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Why PCOS makes you hungry

There are a lot of frustrating symptoms associated with Polycystic Ovarian Syndrome. Weight, infertility, acne, hirsutism, just to name a few. To add to the list is disordered appetite control. There are some things you can do to improve appetite regulation with a PCOS diet so we’ll look into that a little.

But, before we do, let’s have a look at some of the underlying science.

PCOS and hunger hormones

A recent study compared 16 pairs of women, matched for age and body mass index. One woman in the pair had PCOS and the other did not (1). They took a series of blood tests following a meal and asked each woman to rate their hunger levels.

You might not be surprised to hear that women with PCOS felt less satisfied after their meal than the women without PCOS. They also had lower levels of Cholecystokinin (CCK) after the meal. CCK is the hormone that tells your body that you are full after a meal.

So, if your CCK levels are lower, that means that you will be hungrier after meals.

Now, this has some serious implications.

Firstly, it can cause us to gain weight as we may eat more than we need to.

Secondly, it will make sticking to any kind of calorie restricted diet that much harder.

But, there is some good news. There are some things that you can do to improve your appetite regulation with PCOS.

Get your testosterone levels under control

One of the main ways to improve your CCK levels and feeling of fullness is to improve your testosterone levels.

You see, the researchers also found a connection between high testosterone levels and low levels of CCK. In other words, the higher your testosterone levels, the more hungry you are likely to feel after meals.

Now, there are lots of other benefits to lowering testosterone levels, of course. Here are some of them:

  • Less hair growth (hirsutism)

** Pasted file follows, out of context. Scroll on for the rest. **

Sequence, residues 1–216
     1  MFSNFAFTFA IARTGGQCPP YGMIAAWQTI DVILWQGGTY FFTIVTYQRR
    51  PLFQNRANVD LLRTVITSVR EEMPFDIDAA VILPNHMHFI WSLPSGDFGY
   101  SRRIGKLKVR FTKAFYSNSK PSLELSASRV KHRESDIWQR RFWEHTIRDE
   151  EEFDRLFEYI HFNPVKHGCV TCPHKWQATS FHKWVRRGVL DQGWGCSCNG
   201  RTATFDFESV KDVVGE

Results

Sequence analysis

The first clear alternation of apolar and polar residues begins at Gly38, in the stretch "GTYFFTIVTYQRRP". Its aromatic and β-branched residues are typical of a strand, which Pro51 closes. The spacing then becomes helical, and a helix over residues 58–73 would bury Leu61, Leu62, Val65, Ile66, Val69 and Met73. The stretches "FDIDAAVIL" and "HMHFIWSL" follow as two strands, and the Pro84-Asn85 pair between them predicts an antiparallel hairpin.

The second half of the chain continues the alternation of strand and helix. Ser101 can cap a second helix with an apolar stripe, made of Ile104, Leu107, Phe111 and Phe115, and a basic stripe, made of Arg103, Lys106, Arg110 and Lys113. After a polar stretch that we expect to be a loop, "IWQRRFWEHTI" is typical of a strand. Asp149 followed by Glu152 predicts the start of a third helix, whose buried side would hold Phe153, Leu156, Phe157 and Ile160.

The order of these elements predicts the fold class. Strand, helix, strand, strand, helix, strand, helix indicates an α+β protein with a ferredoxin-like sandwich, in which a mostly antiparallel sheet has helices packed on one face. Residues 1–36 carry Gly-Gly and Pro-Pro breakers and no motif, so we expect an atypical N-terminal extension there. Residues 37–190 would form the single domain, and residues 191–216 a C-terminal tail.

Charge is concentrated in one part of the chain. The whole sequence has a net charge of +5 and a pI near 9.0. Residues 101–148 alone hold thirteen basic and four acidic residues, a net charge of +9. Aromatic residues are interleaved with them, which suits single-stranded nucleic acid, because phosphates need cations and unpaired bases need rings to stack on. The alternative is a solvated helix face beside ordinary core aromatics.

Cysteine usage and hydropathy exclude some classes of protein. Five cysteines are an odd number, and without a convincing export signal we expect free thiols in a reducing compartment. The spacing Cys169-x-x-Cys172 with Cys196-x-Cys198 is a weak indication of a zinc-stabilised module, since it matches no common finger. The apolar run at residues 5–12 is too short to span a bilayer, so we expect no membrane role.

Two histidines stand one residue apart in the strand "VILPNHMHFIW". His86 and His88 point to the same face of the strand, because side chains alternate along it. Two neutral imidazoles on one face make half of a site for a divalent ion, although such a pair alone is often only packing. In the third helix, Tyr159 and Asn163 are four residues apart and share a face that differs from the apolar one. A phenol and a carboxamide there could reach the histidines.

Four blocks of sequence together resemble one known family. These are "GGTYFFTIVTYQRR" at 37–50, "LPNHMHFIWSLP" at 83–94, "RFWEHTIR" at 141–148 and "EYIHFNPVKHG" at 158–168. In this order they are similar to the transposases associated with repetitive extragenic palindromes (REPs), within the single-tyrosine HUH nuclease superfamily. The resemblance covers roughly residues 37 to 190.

• Less hair loss
  • Improved skin
  • More regular menstrual cycle

So, how do you go about lowering those testosterone levels? Here are some ways:

Increase Sex Hormone Binding Globulin

Sex hormone binding globulin (SHBG) tends to be lower in women with PCOS. It has a really important job of picking up any free testosterone or estrogen in the blood. If your SHBG levels are low, you’ll have more testosterone to cause havoc in your body.

Now, there are a couple of things you can do to increase SHBG levels.

Get your Insulin levels under control

All women’s ovaries produce testosterone (as do the adrenals). The problem is that our ovaries are particularly sensitive to insulin and produce too much testosterone, in response to insulin.

So, if we can get our insulin under control, we should see a decrease in our testosterone levels.

You can manage insulin by:

  • Eating foods with a low glycemic load
  • Exercising regularly
  • Avoiding highly processed and refined foods

Taking supplements

There are a number of key supplements that have been shown to help lower testosterone levels in women with PCOS.

Eliminate Dairy

I’ve written about dairy before but to give you a quick recap, dairy contains a hormone called IGF-1. It mimics insulin and causes your ovaries to release testosterone. So, I really recommend you consider giving up dairy.

I have many women who have told me that once they changed their diet, their hunger levels were much more manageable.

Why is that?

Because their insulin levels were improved, which meant testosterone levels were better and CCK (the hunger hormone) was boosted.

So, the good news is that you are not doomed to a life of permanent hunger but there are things that you can do to improve your appetite regulation.

If you have seen any improvements in your hunger levels or have any other thoughts, I’d love to hear from you! Leave me a comment below.

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Tarryn Poulton

Tarryn Poulton

Tarryn Poulton is a PN1 Certified Nutrition Coach and PCOS expert who has been a leader in the online PCOS space for over 8 years. Tarryn has the support of leading clinicians from around the world who support her scientific approach to understanding and talking about PCOS this includes all medical journals and ongoing research. You can read more about Tarryn and the team here.

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